IoT Gets Rolling: Smart Scooters and the New Connected Commute

Smart Scooters and the New Connected Commute

IoT Gets Rolling: Smart Scooters and the New Connected Commute


2018 may have been the Year of the Dog by the Lunar calendar, but in the cities of coastal California it was without question the Year of the Electric Scooter. In the early months, scooters bearing snappy single-syllable brand names spread across the sidewalks from Santa Monica to San Francisco, seemingly overnight.

By the end of the year, industry front-runner Bird had expanded to over 100 cities across North America, Europe, and Asia, becoming the fastest startup to achieve a $2 billion valuation and setting the pace for an entirely new industry now made up of dozens of venture-backed competitors.

The scooter explosion is a huge story in urban transportation. And despite some well-documented bumps in deployment, the market demand and the benefits for growing urban populations seem quite real.

It’s also a huge story in the Internet of Things: without reliable wireless connectivity, this entire industry would vanish as quickly as it appeared.


Why Scooters? And Why Now?

Why Scooters is pretty easy to understand. Urban populations are growing faster than cities can rebuild decades-old infrastructure. According to transportation analyst INRIX, traffic congestion cost drivers in the U.S. over $300 billion in 2017, and those numbers are only expected to increase.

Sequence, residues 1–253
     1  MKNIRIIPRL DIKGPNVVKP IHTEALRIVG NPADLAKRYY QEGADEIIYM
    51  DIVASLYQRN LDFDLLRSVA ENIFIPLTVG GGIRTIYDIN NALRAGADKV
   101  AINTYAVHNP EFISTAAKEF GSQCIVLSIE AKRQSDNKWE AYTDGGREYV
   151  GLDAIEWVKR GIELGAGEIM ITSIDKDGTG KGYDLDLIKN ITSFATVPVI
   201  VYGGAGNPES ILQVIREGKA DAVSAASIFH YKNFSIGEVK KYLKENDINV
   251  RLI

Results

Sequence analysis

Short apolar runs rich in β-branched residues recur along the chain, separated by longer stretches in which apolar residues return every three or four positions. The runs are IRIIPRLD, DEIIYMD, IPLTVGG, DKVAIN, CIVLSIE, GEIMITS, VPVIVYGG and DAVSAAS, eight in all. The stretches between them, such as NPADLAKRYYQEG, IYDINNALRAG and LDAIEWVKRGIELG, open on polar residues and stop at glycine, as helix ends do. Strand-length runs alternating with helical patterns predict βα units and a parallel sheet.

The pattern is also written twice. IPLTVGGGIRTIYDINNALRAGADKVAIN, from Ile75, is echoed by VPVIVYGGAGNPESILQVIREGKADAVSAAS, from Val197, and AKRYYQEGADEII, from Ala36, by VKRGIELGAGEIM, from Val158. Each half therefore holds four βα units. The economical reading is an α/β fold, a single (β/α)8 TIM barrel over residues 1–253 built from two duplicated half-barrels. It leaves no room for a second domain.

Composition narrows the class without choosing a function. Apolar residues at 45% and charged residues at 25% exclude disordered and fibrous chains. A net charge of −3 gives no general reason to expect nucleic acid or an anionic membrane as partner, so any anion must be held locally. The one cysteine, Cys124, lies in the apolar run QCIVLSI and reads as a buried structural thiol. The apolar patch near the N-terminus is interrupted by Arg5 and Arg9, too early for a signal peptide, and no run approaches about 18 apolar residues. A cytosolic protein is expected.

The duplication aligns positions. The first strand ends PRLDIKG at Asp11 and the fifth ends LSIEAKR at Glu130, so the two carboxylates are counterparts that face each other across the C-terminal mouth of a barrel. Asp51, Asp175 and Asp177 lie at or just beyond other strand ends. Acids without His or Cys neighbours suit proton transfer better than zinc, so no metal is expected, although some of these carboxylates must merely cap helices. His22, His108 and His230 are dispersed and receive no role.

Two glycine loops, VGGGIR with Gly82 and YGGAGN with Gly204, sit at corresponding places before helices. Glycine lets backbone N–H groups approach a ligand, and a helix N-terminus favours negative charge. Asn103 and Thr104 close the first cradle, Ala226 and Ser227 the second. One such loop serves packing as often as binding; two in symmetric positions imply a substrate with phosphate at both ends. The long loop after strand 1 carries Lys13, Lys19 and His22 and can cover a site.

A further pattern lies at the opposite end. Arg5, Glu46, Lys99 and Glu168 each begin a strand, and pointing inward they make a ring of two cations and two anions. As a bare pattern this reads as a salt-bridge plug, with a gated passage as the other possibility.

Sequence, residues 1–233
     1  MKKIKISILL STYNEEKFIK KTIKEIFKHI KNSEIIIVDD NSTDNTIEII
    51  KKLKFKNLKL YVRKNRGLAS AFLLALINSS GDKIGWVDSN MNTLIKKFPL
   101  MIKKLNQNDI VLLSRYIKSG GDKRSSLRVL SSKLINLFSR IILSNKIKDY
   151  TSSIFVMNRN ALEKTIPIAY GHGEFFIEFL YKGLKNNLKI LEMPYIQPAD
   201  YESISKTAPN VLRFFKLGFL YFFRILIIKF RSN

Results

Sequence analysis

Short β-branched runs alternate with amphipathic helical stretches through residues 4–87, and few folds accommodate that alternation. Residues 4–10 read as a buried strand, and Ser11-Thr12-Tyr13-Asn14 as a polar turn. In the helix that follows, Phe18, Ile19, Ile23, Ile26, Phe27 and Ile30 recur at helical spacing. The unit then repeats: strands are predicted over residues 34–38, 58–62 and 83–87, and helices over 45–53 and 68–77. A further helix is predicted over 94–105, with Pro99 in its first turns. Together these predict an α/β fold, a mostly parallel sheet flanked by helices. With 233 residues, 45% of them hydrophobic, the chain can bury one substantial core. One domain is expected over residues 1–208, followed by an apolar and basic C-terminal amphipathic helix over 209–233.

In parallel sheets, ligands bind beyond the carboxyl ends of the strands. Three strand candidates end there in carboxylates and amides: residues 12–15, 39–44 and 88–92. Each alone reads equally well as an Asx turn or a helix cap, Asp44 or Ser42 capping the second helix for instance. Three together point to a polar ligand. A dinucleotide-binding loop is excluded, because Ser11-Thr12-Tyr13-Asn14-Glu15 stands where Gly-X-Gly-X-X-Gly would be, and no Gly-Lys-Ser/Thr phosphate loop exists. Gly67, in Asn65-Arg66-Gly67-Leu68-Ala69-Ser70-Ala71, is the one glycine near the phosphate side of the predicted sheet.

As city planners turn to transit-based solutions, scooters offer a convenient and environmentally friendly option for the “last mile” between transit points and an individual commuter’s intended destination. Thanks to their relatively light weight, low complexity, and compact form factor, it also costs a lot less to deploy and maintain a fleet of electric scooters in comparison with the larger and more cumbersome shared bicycles that rolled out in earlier urban pilot programs.

And scooters are easier for riders too. Less intimidating than shared bicycles and significantly more convenient, since in most cases a scooter can simply be rented where it’s found and left on the street on arrival rather than locked to a specific docking station.

Why Now? Three words: it’s the network. Because as much as scooters are a transportation story, they’re also an IoT story. Reliable wireless connectivity and GPS tracking make billing simple, minimize loss, and even enable an entirely new kind of employment. For every scooter casually discarded at a rider’s destination, there’s a gig-economy hunter ready to collect a bounty at the end of the day to pick it up and get it charged for the next days’ service. And when it comes to services that cover the kind of territory that a shared scooter might travel in a day, Wi-Fi and Bluetooth won’t do the job.

Smart Scooters and the New Connected Commute

Powered by Cellular Connectivity